Waves: Financing Your Future
Coralville Public Library — Saturday, Jan. 27 at 10 a.m.
This weekend, girls age 6-16 have the chance to explore their dreams from a pragmatic perspective in Financing Your Future, a workshop on fundraising, finances and grant writing. The event, which is free, takes place the morning of Saturday, Jan. 27 at 10 a.m. in Meeting Room A of the Coralville Public Library. Financing Your Future kicks off the second year of programming for Waves, a confidence- and skill-building initiative for girls, organized and led by local women.
Waves is the brainchild of playwright Janet Schlapkohl.
“The impetus behind the idea came after the election, when I could not find a framework for hope,” Schlapkohl said in an email. “There was anger and disconnect everywhere, but more importantly there were girls in my community. What future were we women handing them? I wanted something positive that was going to last.”
The group presented workshops for girls throughout 2017, and is poised to kick off another successful year. Saturday’s event will be facilitated by financial planner Carrie Houchins-Witt; Katie Sturgell, associate director of development at the Stephen A. Wynn Institute for Vision Research at the University of Iowa; and another UI resource, Elizabeth A. Constantine, director of the Grant and Research Services Center.
“I know each of the women personally,” said Schlapkohl of the instructors for Financing Your Future. “They have a diverse range of skills and interests including theater. They are perfectly suited to discuss the reality of taking an idea all the way through fundraising to personal finance … These are areas that are not often discussed, but are incredibly important.”
Houchins-Witt, who is presenting for Waves for the first time, will be focus her portion of the event on budgeting, including spending, saving and giving. She’ll lead the girls in putting together a budget for a business and encourage them to take those lessons home and practice by budgeting a meal for their family.
“I did not have any mentorship when I was younger,” Houchins-Witt said in an email. “I was involved in Girl Scouts for just a couple of years, and really enjoyed it … but I didn’t really have an understanding of different career paths and skill building.”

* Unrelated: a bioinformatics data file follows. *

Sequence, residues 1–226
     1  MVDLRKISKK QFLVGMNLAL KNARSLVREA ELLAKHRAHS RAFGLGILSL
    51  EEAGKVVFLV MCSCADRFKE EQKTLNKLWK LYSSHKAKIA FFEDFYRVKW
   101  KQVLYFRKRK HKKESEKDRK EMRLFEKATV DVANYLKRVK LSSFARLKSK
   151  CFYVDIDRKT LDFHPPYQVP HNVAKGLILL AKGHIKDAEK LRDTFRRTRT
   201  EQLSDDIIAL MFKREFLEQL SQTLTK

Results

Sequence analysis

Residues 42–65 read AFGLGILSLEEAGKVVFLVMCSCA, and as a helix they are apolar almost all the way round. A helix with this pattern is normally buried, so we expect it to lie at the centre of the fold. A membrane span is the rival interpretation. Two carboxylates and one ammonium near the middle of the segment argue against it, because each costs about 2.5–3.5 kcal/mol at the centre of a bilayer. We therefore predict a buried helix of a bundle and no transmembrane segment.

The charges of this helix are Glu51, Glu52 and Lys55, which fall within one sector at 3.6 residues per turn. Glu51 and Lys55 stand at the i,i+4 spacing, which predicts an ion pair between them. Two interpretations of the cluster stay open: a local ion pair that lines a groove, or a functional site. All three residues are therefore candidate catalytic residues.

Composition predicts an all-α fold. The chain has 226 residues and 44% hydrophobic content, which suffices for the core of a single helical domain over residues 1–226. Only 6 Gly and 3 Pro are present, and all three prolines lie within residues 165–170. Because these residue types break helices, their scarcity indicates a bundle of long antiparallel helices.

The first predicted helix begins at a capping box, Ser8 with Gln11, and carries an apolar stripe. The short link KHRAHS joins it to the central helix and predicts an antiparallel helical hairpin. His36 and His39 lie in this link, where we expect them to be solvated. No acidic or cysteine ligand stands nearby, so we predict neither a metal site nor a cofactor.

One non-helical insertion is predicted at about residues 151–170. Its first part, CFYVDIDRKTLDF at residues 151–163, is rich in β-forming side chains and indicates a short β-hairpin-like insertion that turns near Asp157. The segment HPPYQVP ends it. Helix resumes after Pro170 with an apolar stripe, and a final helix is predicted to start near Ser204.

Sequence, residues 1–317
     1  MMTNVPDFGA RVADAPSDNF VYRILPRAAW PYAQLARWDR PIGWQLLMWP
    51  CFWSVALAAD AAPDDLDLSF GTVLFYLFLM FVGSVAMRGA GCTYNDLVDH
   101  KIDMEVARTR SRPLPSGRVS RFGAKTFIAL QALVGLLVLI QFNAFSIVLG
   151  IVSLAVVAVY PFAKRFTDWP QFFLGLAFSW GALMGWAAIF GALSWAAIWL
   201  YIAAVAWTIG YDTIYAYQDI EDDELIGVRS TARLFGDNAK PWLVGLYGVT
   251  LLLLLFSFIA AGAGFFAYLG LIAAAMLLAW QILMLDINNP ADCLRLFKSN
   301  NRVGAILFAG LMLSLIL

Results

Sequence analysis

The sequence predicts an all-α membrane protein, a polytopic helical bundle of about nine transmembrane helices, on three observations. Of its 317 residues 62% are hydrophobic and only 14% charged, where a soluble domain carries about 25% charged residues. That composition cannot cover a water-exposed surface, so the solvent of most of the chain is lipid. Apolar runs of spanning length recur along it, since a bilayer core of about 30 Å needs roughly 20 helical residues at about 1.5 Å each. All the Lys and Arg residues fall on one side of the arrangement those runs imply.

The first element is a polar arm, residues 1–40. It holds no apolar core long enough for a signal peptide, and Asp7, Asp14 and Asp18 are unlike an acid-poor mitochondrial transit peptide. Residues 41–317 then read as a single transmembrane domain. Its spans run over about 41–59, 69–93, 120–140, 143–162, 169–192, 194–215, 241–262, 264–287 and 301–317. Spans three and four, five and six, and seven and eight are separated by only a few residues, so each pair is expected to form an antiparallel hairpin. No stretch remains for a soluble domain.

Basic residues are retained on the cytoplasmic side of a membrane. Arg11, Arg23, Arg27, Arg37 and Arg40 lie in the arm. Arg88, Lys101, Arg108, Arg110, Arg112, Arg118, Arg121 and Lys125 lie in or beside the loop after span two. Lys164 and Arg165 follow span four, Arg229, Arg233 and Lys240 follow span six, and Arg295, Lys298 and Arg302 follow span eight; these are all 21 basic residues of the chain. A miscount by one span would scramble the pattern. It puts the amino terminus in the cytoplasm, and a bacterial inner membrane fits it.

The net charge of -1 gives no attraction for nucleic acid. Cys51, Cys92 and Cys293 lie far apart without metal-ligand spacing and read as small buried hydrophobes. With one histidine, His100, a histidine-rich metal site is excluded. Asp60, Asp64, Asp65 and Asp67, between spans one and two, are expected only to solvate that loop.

She emphasized the value of having a way for women in the community “to teach and empower girls, with a low time commitment and high impact.” She’s also pleased to be bringing her field, specifically, to a female audience. Not only do women make up only 31 percent of financial advisors, she noted, but of financial planners who, like her, earn the level of CFP® Professionals, only 23 percent are women. And Houchins-Witt also believes in the importance of having a program that’s just for girls.
“My boys are dying to attend Saturday’s session,” she said. “They think it sounds so cool. I said, ‘Sorry, it’s just for girls!’ They said, ‘That’s not fair!’ My response: ‘Yup.'”
Houchins-Witt’s sentiments seem to be borne out of Schlapkohl’s experience designing the program.
“I called women that I knew and admired, and we held a meeting at my home,” she said of the early planning stages. “We discussed what we needed to do support girls, to let them realize that we cared about them and their futures, that they were surrounded by women in their community who were not going to let them down.”
She also believes that the girls can help each other, and factored that into the structure through the wide age range.
“I actually think it is really important for young girls to spend time with teenage girls,” Shlapkohl said. “Both groups benefit.”